American families are currently less than two weeks away from the expiration of child care stabilization funding – what experts are calling a “child care cliff”— and there is no indication that policymakers in Washington intend to stop it. In fact, far from approving the emergency funding needed to prevent millions of families from losing critical access to care, House Republicans appear to be careening toward a federal government shutdown that would endanger even more critical safety net programs.
On September 30th, funding passed as part of the COVID-era American Rescue Plan (ARP) and intended to stabilize the child care industry, is set to expire. These federal funds played a crucial role in supporting access to child care throughout the country though, even with these investments, the U.S. child care infrastructure remains woefully inadequate. The expiration of this funding will have devastating impact on the availability of child care throughout the country: the Century Foundation estimates that, without immediate action to rectify the crisis, 3.2 million children will lose spots in child care programs, and more than 70,000 child care programs will be forced to close.
IWPR research has shown how critical child care access is for women’s economic stability, security, and well-being. Consistent and reliable child care helps women join or remain in the labor force, and access to care increases women’s lifetime earnings and retirement savings. Lack of care, or disruptions in care, can lead to parents – especially women – taking leave from work, losing productivity, or leaving the work force. Quality child care also prepares children for success later in life.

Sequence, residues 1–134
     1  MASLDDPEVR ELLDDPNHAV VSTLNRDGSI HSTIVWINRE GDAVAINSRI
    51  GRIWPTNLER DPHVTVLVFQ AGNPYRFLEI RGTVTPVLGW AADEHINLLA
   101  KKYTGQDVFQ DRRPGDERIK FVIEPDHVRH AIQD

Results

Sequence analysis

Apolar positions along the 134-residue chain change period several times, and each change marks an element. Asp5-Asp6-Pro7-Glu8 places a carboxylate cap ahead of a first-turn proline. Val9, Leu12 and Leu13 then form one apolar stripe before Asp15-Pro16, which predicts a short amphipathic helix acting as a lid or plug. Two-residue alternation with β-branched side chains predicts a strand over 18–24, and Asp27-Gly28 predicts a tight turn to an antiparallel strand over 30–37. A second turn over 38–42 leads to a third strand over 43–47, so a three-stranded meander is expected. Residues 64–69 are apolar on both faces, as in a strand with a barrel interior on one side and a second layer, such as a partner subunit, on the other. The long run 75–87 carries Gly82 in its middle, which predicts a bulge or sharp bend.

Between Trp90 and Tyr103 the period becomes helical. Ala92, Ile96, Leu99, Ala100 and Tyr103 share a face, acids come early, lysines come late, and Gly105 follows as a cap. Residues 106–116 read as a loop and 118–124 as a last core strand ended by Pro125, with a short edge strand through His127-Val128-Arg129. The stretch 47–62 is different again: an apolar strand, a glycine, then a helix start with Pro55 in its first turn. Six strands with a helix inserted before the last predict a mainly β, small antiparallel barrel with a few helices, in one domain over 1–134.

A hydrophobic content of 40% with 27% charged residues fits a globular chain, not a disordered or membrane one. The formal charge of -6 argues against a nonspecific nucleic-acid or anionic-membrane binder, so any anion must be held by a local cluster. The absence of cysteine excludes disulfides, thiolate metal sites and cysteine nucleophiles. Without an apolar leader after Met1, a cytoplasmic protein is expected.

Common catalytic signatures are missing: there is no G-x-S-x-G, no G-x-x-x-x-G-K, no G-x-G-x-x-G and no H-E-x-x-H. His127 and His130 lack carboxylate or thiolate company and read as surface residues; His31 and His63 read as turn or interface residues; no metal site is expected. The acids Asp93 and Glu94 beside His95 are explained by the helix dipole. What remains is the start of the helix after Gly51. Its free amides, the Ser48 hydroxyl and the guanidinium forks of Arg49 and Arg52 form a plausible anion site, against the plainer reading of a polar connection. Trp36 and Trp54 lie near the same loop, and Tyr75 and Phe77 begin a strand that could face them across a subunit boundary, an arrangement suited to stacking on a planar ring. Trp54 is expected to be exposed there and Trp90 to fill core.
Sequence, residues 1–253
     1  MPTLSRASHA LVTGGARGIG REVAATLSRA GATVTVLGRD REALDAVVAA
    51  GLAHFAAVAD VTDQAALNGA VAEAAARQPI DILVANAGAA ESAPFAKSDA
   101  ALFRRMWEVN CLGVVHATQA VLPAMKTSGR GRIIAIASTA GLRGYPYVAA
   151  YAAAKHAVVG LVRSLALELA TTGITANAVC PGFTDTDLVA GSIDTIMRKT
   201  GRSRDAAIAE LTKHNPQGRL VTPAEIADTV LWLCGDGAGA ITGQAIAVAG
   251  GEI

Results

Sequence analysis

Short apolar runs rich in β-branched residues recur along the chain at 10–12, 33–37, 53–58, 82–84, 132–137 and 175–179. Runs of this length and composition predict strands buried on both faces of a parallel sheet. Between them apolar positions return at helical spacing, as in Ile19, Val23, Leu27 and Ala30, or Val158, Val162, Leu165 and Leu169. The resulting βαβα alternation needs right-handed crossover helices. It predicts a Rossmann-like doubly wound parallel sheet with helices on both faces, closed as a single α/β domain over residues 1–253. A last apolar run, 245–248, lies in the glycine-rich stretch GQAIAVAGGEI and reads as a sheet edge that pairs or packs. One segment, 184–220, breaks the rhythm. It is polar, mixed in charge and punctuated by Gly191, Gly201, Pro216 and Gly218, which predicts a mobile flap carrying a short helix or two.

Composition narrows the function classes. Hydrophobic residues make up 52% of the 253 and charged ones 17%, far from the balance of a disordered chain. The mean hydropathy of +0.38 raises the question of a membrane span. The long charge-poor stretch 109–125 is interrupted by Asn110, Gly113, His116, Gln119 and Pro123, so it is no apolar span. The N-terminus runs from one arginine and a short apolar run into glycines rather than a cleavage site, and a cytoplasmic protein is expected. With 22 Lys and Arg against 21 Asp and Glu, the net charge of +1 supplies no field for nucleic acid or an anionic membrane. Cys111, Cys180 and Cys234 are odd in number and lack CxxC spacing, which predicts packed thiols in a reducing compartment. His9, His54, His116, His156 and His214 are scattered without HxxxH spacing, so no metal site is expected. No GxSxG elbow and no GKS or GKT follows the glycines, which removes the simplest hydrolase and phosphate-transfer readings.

The funding authorized under the ARP has proven critical to supporting child care across the country. Nationally, data provided by the Department of Health and Human Services demonstrates that more than 80% of licensed child care providers received federal funds as part of the ARP Child Care Stabilization Program. Funds were most commonly used by child care centers to pay for personnel costs and raised wages, allowing them to keep programs staffed; and they were most commonly used by family child providers to pay rent, utilities, and related fees.
IWPR’s polling has underscored how important this issue is to Americans. According to polling IWPR conducted earlier this year with Morning Consult, the vast majority (73%) of adults want Congress to pass legislation expanding access to affordable, high-quality childcare and investing in early childhood education. Two out of three adults say that child care should be a priority for the federal government. These numbers were even higher among young (Millennial and Gen Z) respondents, as well as among Black and Hispanic respondents. In short: long before federal funding reached this crisis point, voters across the country looked to congressional leaders to take action.
Last week, a group of House and Senate Democrats introduced legislation to provide at least $16 billion in emergency child care spending. Unless Congress acts, our already-inadequate child care system will take a massive hit with the expiration of federal funds. Led by Senators Patty Murray and Bernie Sanders, as well as House Minority Whip Katherine Clark, the Child Care Stabilization Act would provide critical funds for the next five years, continuing the successful investment begun under the ARP and providing ongoing federal support for child care across the country. Passing this legislation would be a critical step toward averting a further crisis of child care access and maintaining the progress of recent years.